Adjusted Travel Schedules and In-Between
Often people ask what Eddie and I are doing these days, after our carefully arranged travel plans have unraveled.
This was to be the year that we would finally enjoy a travel rhythm. We had planned extended trips to beautiful destinations that we would enjoy together. I had planned solo trips that would inspire writing and photography. As with everyone’s travel schedules, these well-made plans collapsed like dominoes as COVID-19 spread.
The question of what to do between travel schedules became a question of what to do…period. We discovered that, with little adjustment, we can easily enjoy beautiful destinations and inspiring travel here at home. What we do in-between is the same. Hence, our travel rhythm is restored!
Here’s a list of what we’re doing with our adjusted travel schedules. It’s in no order of priority, except that the first one is always first one.
Give thanks and count our blessings.
Eddie and I are blessed to have each other, to be healthy and safe, and to have friends and family that we cherish. We’re also thankful for the people who put their lives on the line every day to insure our health, safety, freedom. We believe that there would be more chaos, fear, and uncertainty without first responders, health care workers, and men and women in uniform.
Spend time with family and friends.
We always love traveling and spending time at home with our family and friends. This year, just before our plans began unraveling, we were able to spend some time in Hawaii with my Sister, Elaine. It was the first chance we’d had to travel with her in a long time and we’ll always cherish that time together. Now, we continue to enjoy good times with family and friends at home, outdoors as much as possible.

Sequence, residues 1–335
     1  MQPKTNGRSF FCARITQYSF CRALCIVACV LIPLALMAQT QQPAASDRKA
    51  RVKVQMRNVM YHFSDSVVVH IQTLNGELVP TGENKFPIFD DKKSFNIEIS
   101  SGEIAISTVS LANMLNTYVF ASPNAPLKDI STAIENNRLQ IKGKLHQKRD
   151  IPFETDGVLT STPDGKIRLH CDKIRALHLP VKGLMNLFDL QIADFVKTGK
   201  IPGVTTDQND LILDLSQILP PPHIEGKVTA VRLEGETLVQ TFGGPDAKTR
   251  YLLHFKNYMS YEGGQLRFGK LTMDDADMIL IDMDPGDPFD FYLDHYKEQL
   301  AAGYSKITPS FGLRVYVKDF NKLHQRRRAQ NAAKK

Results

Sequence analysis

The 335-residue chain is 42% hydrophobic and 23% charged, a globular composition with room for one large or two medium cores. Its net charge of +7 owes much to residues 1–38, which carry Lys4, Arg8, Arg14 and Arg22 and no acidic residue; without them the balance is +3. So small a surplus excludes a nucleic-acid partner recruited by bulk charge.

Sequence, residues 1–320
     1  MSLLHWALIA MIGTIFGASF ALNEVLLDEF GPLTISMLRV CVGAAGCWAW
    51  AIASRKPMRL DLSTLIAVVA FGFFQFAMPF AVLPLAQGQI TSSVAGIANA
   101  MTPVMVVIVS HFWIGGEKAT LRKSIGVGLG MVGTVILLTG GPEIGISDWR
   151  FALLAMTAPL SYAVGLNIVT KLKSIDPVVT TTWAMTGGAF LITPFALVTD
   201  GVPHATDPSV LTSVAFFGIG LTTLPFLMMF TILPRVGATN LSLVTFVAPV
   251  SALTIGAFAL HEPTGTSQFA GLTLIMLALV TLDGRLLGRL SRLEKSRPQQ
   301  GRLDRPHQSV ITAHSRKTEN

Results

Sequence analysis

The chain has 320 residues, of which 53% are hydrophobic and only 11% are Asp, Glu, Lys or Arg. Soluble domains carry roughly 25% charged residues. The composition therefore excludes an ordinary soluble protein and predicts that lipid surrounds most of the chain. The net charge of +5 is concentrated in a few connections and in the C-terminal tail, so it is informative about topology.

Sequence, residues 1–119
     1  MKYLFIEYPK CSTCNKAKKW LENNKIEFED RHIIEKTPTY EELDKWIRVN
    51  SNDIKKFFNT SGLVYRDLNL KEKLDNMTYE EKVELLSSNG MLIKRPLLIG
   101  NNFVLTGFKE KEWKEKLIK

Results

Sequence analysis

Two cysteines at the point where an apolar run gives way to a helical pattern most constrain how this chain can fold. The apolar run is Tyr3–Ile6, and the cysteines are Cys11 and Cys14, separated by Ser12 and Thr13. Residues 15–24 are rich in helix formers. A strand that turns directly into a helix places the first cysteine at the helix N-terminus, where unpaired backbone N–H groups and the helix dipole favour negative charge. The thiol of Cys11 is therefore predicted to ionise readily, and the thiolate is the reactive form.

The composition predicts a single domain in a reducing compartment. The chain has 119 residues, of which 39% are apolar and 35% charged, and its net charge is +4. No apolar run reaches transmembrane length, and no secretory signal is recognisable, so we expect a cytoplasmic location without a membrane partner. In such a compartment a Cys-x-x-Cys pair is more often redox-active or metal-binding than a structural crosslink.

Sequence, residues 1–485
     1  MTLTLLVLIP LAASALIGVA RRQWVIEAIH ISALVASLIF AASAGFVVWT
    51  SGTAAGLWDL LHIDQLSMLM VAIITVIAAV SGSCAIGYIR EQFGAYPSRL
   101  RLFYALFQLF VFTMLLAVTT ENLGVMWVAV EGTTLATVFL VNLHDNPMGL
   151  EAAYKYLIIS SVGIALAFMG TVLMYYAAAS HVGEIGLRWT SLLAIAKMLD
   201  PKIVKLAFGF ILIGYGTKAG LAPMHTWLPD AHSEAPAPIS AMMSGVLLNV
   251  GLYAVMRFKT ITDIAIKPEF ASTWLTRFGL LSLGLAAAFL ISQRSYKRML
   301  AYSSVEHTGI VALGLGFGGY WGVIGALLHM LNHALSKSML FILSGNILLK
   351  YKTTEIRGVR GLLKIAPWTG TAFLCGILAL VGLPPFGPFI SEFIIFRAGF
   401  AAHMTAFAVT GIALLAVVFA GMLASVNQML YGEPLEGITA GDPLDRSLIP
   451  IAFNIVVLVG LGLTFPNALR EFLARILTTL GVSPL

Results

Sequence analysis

Keep travel itineraries in order.
An excel spreadsheet works wonders for reducing stress. It’s where I keep locations, dates, contact information, payment schedules, transportation schedules, travel insurance, and other pertinent information. It was invaluable this year, as I tracked cancellations, postponements, and refunds. I see the status of our travel schedules at a glance!
Avoid stressing over cancelled and postponed travel plans.
It’s easy to see that cancelled travel plans are insignificant when put in perspective with larger issues. Consider the large number of people fleeing from their beloved homelands, not for rest and relaxation, but to avoid certain starvation or death. Consider the number of people who’ve lost loved ones, and the staggering number of people who’ve lost or at risk of loosing their livelihoods because of COVID-19.
Enjoy the outdoors.
Certain activities are readily available and relatively safe in the COVID-19 environment. Go outside as much as possible, in the yard or to the porch or balcony. Overwhelming evidence shows that being in nature improves a person’s well being. The September 2020 issue of the Mayo Clinic Health Letter, describes this as the “The Power of Awe“. Here, they explain that being in nature, even watching the sunset, has amazing healing powers.
The most wondrous unplanned events occur outdoors. In July of this year, Eddie and I happened to witness an astonishing natural event. Thousands of starfish turned loose of the ocean floor and washed ashore at the beach. We stood at the edge of the surf as they were tossed about, tickling our feet and ankles. Left alone, they burrowed back into the sand to await the next high tide for a chance to return to the sea. It’s an experience we’ll always remember and we didn’t have to pay anything to enjoy it.
Plan bike rides, walks, hikes, and drives.